NFL Reaches Labor Agreement with Officials, Damage Already Done



Replacement officials marred the outcome of a week three matchup by incorrectly awarding a touchdown. (John Lok/Seattle Times/MCT)


Replacement officials marred the outcome of a week three matchup by incorrectly awarding a touchdown. (John Lok/Seattle Times/MCT)

The National Football League (NFL) finally caved to public pressure this past week, reaching an agreement with the NFL Referees Association. The sudden and dramatic progress comes directly in the wake of an officiating disaster that dropped the Green Bay Packers to a sub-.500 record shortly after finishing 15-1. The new labor agreement makes several concessions to the referees union that were sticking points between the two groups prior to the overwhelming expression of dissatisfaction from fans.

For the first three weeks of the 2012-2013 season, the NFL decided to roll with replacement referees in lieu of the locked-out officials. What was initially unclear to most fans and even some analysts was truly how unqualified these replacements were.

Following week one’s matchup between the Arizona Cardinals and Seattle Seahawks, it was discovered that one of the officials working the game had also worked for the Seahawks during training camp, a conflict of interest that would have certainly marred the outcome of the game had the Cardinals not won. In week two, a similarly embarrassing mistake was narrowly avoided, as ESPN’s Chris Mortensen drew attention to the fact that a side judge assigned to the Carolina-New Orleans game was a Saints fan, as per his Facebook page.

As it turned out, week three of the replacement debacle was the proverbial straw that broke the camel’s back. In the San Francisco-Minnesota game, Head Referee Ken Roan mistakenly awarded two extra challenges to 49ers Coach Jim Harbaugh following the use of his final timeout. Again, lasting damage was narrowly avoided, as the Vikings went on to win, but the same could not be said for Seattle’s victory over Green Bay. On Monday Night Football, the Seahawks were awarded a last-play victory by virtue of what was called a simultaneous-catch touchdown by receiver Golden Tate. Upon viewing, it is extremely clear that the play was not only an interception by the defender, but that Tate had pushed off a Green Bay defensive back and that the game should have therefore ended on an offensive pass interference call. The touchdown gave Seattle a 14-12 victory, ensuring that the replacement referees had permanently affected the season in a direct and potentially lasting way.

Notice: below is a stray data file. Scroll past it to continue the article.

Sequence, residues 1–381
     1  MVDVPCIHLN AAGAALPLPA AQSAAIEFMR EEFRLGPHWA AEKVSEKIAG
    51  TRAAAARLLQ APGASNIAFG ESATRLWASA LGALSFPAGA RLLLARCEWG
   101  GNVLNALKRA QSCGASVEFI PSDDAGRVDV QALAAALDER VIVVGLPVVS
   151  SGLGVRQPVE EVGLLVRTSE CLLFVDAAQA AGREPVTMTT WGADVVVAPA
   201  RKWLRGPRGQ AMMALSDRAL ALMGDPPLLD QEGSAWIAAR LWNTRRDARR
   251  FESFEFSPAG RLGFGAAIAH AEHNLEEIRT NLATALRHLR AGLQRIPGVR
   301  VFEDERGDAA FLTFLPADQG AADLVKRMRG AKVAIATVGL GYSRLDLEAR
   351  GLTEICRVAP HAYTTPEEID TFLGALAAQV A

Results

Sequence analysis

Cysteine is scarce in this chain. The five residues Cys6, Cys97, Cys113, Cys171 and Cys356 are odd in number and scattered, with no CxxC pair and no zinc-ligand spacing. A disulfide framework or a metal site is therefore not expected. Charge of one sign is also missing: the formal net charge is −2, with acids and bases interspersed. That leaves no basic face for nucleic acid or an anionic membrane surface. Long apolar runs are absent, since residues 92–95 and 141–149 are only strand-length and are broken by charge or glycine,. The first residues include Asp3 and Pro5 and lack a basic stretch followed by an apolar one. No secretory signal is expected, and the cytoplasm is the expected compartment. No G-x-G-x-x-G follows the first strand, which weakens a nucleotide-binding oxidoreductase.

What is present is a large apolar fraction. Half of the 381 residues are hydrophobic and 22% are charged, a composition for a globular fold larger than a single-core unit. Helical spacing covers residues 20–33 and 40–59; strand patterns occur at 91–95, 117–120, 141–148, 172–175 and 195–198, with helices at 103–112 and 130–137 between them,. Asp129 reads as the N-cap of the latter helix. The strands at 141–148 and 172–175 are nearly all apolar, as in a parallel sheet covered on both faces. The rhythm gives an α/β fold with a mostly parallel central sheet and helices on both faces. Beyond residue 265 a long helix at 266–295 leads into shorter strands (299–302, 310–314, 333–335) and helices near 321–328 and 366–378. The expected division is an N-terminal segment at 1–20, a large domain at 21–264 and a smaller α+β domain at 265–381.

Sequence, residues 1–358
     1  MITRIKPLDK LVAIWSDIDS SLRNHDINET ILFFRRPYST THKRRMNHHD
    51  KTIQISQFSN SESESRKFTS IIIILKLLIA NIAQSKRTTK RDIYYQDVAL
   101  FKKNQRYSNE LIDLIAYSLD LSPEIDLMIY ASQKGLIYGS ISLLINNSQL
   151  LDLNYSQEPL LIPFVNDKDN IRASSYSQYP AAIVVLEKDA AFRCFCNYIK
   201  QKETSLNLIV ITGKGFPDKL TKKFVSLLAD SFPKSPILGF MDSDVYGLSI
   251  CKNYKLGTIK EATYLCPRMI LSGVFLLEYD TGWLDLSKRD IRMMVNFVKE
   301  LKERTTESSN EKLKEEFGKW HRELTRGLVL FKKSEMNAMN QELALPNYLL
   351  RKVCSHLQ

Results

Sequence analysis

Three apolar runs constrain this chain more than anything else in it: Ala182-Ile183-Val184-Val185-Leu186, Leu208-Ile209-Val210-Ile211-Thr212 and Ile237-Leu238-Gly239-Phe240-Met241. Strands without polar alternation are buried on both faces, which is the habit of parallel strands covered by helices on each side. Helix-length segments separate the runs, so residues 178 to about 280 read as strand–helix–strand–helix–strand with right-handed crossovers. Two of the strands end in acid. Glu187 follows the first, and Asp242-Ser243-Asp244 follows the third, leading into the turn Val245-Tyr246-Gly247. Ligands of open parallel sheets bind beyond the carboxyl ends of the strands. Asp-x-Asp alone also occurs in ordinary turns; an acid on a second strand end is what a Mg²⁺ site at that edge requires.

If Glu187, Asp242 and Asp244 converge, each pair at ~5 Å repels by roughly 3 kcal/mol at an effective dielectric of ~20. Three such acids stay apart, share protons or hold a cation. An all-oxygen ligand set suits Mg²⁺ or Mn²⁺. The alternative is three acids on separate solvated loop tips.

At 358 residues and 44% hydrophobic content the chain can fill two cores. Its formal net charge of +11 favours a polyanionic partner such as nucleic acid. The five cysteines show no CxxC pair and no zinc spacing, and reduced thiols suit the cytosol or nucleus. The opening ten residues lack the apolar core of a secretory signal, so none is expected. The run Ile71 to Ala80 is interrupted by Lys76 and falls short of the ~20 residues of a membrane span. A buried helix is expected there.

In the week that followed, a labor deal was somewhat miraculously reached, with the NFL Commissioner Roger Goodell even acknowledging that the Packers-Seahawks game “may have pushed the parties further along.” The agreement reached is the longest one between the NFL and the Referees Association, lasting for the next eight years. Provisions outlined in the agreement include the retention of current pension benefits for all referees through the year 2016, with a 401k plan being outlined for years following. Significant pay raises were included as well, scaling from $149,000 last season to $205,000 by 2019.

All in all, the commissioner’s and owners’ standoff with the union clearly imploded. The replacements were signed on through week five, and the league paid them for week four in spite of the union referees returning for the full slate of week four games. Thankfully, NFL fans can now resume enjoying the best product possible, without the interruption of extremely under-qualified replacements at pivotal positions on the field.